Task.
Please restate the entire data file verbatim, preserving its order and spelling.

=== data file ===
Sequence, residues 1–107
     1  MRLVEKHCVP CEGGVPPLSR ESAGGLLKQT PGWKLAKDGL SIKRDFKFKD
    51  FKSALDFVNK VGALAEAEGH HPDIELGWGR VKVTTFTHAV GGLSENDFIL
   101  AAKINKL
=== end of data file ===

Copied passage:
Sequence, residues 1–107
     1  MRLVEKHCVP CEGGVPPLSR ESAGGLLKQT PGWKLAKDGL SIKRDFKFKD
    51  FKSALDFVNK VGALAEAEGH HPDIELGWGR VKVTTFTHAV GGLSENDFIL
   101  AAKINKL